Ulrich Makes a Discovery

Ulrich discovers what makes the average man so…average.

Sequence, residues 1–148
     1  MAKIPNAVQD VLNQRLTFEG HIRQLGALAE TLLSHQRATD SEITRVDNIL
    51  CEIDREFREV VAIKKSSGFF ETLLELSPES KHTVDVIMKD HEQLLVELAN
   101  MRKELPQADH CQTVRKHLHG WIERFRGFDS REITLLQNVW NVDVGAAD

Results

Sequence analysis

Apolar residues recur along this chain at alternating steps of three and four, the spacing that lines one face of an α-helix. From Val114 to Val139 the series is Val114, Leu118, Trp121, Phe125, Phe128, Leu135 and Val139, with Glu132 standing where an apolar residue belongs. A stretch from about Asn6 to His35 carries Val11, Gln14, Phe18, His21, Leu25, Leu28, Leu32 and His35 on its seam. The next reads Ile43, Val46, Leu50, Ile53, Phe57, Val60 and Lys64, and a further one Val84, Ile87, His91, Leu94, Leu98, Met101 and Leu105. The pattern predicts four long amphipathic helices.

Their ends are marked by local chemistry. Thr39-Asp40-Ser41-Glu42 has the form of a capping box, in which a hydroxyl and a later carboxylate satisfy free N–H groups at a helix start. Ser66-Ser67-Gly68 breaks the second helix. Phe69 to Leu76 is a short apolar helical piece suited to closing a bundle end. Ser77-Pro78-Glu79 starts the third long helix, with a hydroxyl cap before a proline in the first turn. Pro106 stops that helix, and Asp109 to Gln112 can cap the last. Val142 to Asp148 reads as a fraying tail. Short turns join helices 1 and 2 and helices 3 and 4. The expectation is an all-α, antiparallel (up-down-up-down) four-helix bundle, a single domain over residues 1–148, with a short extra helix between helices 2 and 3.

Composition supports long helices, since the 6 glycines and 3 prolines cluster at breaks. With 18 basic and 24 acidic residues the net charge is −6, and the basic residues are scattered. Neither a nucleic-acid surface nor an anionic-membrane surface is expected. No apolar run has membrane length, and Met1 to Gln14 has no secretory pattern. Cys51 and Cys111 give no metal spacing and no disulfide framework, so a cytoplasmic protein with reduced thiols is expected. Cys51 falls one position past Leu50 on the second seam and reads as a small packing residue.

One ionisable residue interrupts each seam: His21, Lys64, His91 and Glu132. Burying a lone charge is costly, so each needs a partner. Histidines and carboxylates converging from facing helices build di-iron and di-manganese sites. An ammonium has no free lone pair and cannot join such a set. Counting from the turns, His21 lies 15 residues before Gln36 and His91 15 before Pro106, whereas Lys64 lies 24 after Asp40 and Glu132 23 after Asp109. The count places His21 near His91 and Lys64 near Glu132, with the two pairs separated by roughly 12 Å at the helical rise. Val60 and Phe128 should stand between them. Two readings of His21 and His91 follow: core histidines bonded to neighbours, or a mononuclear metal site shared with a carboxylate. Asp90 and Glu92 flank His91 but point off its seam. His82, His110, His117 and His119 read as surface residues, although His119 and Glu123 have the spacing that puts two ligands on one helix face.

“A young man with an active mind,” Ulrich reflected, probably still thinking of his boyhood friend Walter, “is constantly sending out ideas in every direction. But only those that find a resonance in his environment will be reflected back to him and consolidate, while all the other dispatches are scattered in space and lost!” Ulrich took it as a matter of course that a man who has intellect has all kinds of intellect, so that intellect is more original than qualities. He himself was a man of many contradictions and supposed that all the qualities that have ever manifested themselves in human beings lie close together in every man’s mind, if he has a mind at all. This may not be quite right, but what we know about the origin of good and evil suggests that while everyone has a mind of a certain size, he can still probably wear a great variety of clothing in that size, if fate so determines. And so Ulrich felt that what he had just thought was not entirely without significance. For if, in the course¬† of time, commonplace and impersonal ideas are automatically reinforced while unusual ideas fade away, so that almost everyone, with a mechanical certainty, is bound to become increasingly mediocre, this explains why, despite the thousandfold possibilities available to everyone, the average human being is in fact average. And it also explains why even among those privileged persons who make a place for themselves and achieve recognition there will found a certain mixture of about 51 percent depth and 49 percent shallowness, which is the most successful of all. Ulrich had perceived this for a long time as so intricately senseless and unbearably sad that he would have gladly gone on thinking about it. (I,121)


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